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Accrual-based and real earnings management before and after IFRS adoption: the case of Greece

Ferentinou, A. C. and Anagnostopoulou, S. C. (2016) Accrual-based and real earnings management before and after IFRS adoption: the case of Greece. Journal of Applied Accounting Research, 17 (1). pp. 2-23. ISSN 0967-5426

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To link to this item DOI: 10.1108/JAAR-01-2014-0009


Purpose – The purpose of this study is to examine the use of accrual-based vs real earnings management (EM) by Greek firms, before and after the mandatory adoption of International Financial Reporting Standards (IFRS). The research is motivated by the fact that past studies have indicated the existence of significant levels of EM for Greece in particular before IFRS. Design/methodology/approach – Accrual-based earnings management (AEM) is examined by assessing performance-adjusted discretionary accruals, while real earnings management (REM) is defined in terms of abnormal levels of production costs, discretionary expenses, and cash flows from operations, for a three-year period before and after the adoption of IFRS in 2005. Findings – The authors find evidence on a statistically significant shift from AEM to REM after the adoption of IFRS, indicating the replacement of one form of EM with the other. Research limitations/implications – The validity of the results depends on the ability of the empirical models used to efficiently capture the existence of AEM and REM. Practical implications – IFRS adoption aims to improve accounting quality, especially in countries with high need for such an improvement; however, the tendency to substitute one form of EM with another highlights unintended consequences of IFRS adoption, which do not improve the informational content of financial statements if EM continues under different forms. Originality/value – Under the expectation that IFRS adoption should lead to improvements in accounting quality, this study examines whether IFRS actually led to a reduction of EM practices for a country with exceptionally high levels of EM before IFRS, by accounting for all possible forms of EM.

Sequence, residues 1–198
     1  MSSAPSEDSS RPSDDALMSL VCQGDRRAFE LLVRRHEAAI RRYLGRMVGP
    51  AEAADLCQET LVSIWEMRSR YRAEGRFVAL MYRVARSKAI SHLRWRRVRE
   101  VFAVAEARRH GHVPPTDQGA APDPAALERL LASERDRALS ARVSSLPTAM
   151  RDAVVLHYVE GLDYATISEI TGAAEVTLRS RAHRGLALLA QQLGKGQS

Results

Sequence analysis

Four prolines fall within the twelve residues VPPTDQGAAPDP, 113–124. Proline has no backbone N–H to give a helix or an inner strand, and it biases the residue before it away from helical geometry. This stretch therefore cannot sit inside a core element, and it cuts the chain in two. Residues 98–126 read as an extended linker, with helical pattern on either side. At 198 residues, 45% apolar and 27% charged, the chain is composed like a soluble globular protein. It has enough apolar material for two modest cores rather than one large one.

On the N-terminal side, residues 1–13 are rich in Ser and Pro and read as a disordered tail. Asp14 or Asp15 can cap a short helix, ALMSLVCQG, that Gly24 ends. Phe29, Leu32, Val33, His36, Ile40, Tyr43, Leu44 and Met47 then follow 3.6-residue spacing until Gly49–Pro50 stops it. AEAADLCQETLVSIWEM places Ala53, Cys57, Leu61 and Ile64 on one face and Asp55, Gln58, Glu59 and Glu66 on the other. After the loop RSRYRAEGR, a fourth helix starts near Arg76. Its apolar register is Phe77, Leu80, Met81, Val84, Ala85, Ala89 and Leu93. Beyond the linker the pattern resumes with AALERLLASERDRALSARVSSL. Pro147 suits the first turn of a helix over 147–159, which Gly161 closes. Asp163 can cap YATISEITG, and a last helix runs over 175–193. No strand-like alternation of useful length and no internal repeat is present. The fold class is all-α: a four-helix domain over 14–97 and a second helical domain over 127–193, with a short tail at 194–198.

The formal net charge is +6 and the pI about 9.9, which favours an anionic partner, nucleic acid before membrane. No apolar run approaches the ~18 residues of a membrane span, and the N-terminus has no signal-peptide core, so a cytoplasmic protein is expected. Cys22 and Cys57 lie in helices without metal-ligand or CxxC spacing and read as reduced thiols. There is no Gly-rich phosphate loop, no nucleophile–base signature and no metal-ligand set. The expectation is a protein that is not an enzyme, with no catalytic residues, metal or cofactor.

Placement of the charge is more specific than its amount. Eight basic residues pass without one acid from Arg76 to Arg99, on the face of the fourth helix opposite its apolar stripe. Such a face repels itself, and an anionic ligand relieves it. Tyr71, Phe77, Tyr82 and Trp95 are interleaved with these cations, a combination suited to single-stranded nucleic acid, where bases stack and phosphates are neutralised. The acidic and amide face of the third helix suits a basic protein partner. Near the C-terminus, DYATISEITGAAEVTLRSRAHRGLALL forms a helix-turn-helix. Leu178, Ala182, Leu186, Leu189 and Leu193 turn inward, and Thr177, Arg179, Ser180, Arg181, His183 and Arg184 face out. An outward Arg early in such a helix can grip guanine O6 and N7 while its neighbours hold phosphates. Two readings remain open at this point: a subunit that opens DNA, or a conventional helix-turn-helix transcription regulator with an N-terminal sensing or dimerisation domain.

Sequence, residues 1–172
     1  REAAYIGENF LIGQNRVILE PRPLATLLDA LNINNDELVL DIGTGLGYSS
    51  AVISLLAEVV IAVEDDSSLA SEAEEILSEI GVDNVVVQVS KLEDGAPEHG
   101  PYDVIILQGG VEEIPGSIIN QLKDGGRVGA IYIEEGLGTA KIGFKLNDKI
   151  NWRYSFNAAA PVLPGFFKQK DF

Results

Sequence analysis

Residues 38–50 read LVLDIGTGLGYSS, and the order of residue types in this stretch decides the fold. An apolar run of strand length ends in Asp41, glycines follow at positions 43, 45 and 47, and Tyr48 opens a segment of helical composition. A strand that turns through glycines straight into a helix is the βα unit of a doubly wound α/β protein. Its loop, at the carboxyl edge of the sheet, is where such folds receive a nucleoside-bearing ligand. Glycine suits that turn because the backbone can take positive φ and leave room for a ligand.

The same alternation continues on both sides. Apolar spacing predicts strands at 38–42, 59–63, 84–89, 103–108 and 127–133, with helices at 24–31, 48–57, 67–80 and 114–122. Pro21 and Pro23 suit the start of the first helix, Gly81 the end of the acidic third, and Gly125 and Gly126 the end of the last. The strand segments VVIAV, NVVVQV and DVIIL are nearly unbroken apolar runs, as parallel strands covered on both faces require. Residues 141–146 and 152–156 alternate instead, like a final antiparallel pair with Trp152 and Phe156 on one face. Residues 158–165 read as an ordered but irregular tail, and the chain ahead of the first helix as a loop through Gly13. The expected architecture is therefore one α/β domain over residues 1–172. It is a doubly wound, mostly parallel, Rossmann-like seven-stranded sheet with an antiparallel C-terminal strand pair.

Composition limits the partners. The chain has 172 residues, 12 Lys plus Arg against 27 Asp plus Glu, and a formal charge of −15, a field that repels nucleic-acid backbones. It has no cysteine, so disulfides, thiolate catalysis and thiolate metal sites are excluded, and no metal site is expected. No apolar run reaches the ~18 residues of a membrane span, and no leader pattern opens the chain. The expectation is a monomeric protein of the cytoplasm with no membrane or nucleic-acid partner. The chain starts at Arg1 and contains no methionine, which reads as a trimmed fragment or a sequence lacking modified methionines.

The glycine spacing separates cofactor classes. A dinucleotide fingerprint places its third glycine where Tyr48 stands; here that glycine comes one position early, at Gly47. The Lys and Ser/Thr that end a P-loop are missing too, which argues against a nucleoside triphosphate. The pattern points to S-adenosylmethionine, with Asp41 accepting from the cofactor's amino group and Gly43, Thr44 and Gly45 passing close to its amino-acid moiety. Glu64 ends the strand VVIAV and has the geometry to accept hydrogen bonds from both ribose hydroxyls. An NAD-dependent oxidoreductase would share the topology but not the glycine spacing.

Item Type:Article
Divisions:Henley Business School > Business Informatics, Systems and Accounting
ID Code:58788

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